Horizontal Or Vertical?

creativity practicing May 02, 2019
I've been thinking about Thelonious Monk this week, specifically an observation I once read about his repertoire. Unfortunately, I don't remember exactly where I read it. It may have been in Martin Williams' book The Jazz Tradition, which I've just discovered has been through various editions over the years and the existence of which, it turns out, is not my own personal discovery by a long shot. In essence, Williams – or whoever it was – observed that Monk played through the same relatively small handful of original tunes throughout the length of his career.

I love this idea, because we tend to think that artistic vision as singular as Monk's goes hand in hand with sprawling productivity. Picasso's endless and ever-shifting output, Haydn's hundred-and-something symphonies, fifty years of Peanuts strips. But here's Monk, considered one of a handful of genuine jazz composers of the 20th century, the creator of some of the most iconic standards of the repertoire – "Round Midnight," "In Walked Bud," "Ruby, My Dear" – with just over 60 tunes to his credit. Williams – if it was indeed Williams – notes that this relatively finite stash of tunes is what Monk drew on throughout his professional life, in various incarnations of his quartet, as solo piano recordings, in big band settings.

Monk played standards too, and his refractive interpretations of the Great American Songbook reveal as much of his musical personality as anything else he did. (Highly enjoyable footnote: I'd never heard "Bright Mississippi" before writing this post, and what do you know – it's Monk's take on the changes to "Sweet Georgia Brown." That's called a contrafact, kids – write it down.) But this idea of making the most of a particular repertoire is, I think, one worth looking at. Because it raises the notion: when is it time to go wide, and when should you go deep?
When you sit down to practice, you could work on something new. You could learn a new tune, work on a new arrangement, transcribe a new lick. Or, you could go deeper on something you already know. This is a delicate balance: of course, you always want to be moving forward. And learning new things is a big part of what I most enjoy about music. As my friend Bret says, "As long as I'm learning something, everything's cool." Or as I say: If I'm not learning new things, I get cranky. (Just ask Ms. Fretboard.)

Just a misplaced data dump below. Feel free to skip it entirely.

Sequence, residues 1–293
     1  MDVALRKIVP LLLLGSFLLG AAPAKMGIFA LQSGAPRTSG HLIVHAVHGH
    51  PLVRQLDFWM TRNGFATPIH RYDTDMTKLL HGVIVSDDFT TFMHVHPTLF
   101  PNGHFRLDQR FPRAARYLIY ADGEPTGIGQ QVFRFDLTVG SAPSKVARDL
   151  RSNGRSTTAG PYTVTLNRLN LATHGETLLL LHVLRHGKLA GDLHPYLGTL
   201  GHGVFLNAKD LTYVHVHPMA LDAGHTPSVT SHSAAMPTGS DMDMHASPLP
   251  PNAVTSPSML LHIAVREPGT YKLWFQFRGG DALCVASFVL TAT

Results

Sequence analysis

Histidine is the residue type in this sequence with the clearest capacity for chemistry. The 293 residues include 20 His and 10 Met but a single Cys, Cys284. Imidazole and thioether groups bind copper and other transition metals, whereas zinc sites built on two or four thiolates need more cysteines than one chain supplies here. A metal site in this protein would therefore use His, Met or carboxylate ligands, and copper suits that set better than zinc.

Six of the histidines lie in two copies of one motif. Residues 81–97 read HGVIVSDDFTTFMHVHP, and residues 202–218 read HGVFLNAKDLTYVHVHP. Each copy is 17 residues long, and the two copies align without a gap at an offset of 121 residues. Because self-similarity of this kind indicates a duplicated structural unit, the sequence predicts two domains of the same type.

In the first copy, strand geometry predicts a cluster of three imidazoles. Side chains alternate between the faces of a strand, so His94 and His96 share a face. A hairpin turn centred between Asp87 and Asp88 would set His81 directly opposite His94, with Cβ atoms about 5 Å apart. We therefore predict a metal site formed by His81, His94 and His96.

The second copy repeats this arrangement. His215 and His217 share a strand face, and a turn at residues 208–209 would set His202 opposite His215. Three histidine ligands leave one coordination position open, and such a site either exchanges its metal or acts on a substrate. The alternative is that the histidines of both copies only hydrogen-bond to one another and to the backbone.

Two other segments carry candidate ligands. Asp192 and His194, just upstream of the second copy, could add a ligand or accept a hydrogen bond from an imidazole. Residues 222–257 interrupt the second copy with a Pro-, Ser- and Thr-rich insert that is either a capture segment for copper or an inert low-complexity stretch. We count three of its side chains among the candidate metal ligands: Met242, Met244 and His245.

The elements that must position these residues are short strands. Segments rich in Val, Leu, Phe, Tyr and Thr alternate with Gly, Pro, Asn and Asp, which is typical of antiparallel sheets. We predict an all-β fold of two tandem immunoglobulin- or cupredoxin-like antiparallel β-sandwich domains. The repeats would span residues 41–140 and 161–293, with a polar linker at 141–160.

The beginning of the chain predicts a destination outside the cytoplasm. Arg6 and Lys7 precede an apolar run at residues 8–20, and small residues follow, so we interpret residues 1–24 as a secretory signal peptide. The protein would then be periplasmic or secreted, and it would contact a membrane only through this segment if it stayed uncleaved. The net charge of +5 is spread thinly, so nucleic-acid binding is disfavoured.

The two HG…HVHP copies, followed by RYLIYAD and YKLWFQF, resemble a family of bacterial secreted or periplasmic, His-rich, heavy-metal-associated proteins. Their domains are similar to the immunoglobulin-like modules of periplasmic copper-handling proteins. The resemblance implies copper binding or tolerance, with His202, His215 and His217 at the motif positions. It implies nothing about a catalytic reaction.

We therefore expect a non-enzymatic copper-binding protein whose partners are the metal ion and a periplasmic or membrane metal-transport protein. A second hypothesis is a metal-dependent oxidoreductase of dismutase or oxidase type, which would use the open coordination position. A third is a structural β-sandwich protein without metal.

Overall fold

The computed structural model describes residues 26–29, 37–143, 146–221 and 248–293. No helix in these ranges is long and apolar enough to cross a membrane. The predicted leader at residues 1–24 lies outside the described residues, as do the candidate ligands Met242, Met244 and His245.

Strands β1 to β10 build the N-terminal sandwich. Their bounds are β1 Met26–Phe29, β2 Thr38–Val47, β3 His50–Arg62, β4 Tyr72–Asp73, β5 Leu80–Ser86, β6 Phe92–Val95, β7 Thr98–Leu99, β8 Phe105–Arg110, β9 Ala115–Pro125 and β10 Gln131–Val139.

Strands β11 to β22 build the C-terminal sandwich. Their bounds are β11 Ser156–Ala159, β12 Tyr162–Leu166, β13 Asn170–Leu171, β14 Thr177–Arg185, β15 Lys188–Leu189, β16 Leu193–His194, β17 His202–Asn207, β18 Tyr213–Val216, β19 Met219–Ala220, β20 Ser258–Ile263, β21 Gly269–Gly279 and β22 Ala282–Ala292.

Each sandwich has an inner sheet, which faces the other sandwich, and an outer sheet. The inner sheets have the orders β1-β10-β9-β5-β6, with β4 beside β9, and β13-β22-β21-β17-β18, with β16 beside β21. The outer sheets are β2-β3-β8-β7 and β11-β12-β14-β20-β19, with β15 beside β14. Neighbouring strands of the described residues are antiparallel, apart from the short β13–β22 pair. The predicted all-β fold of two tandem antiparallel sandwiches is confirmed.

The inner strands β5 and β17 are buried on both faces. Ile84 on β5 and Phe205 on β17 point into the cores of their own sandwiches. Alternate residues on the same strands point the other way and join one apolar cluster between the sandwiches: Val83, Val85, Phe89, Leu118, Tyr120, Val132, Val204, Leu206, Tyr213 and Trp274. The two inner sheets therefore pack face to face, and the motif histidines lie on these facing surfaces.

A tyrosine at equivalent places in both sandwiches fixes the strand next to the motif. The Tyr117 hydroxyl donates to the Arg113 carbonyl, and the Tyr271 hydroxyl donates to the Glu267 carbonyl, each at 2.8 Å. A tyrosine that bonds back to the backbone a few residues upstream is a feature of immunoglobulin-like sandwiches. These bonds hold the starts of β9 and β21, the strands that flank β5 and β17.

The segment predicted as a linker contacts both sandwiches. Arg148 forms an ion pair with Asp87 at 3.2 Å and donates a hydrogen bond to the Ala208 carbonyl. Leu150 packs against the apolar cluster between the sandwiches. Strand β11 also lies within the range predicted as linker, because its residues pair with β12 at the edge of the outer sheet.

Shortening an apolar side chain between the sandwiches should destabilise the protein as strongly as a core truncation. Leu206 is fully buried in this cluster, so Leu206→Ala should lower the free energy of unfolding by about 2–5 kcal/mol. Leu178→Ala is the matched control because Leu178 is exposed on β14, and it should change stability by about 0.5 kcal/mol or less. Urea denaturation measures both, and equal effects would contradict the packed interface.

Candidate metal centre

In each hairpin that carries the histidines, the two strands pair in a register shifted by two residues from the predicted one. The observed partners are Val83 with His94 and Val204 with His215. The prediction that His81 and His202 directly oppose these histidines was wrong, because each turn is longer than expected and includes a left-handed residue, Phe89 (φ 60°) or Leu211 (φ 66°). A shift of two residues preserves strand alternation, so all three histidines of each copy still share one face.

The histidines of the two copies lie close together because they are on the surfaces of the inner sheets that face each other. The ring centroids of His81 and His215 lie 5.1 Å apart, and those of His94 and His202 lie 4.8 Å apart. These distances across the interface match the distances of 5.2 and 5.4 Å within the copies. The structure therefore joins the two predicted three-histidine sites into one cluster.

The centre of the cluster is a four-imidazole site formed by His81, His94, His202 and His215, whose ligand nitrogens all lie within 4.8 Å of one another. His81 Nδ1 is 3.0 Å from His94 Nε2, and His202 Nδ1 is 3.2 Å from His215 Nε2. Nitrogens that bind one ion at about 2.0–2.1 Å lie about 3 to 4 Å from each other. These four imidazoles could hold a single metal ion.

So for a moment, let's call learning new things a horizontal process. You're moving into new territory, exploring new material and ideas. All good, and plenty important. But learning has a vertical axis too: the effort to deepen your understanding of things you already know. So, tunes you can already play, scales you're already soloing with, the things that already feel familiar. Your "Round Midnight" and "Crepuscule With Nellie." You're aware of  which songs you've been playing forever – how well do you really know them? Is there more you can do with them?
For years, I had a couple of arrangements I would pull out at workshops, in private lessons, or just around the house. I'd worked out the tunes "After You've Gone" and "Idle Moments" – just because I liked them and wanted to play them myself. But all I'd worked out was the head – I knew how to play the melody over the chords, and that was about it. So I finally decided, well, what I really want to be able to do is play a tune like that, and then improvise on it, while still keeping the boom-chuck going.
Just articulating exactly what I wanted to be able to do was a significant step, but built into that articulation was this idea that instead of necessarily creating more one-chorus settings of cool tunes, I would try and deepen what I could do with the ones I already knew. To go vertical, rather than horizontal, at least for a while.
So here's the question (okay, three questions):
  • where do you tend to go horizontal in your practicing and playing?
  • What's something you'd really like to be able to do?
  • Can you think of a way you could go vertical to get there?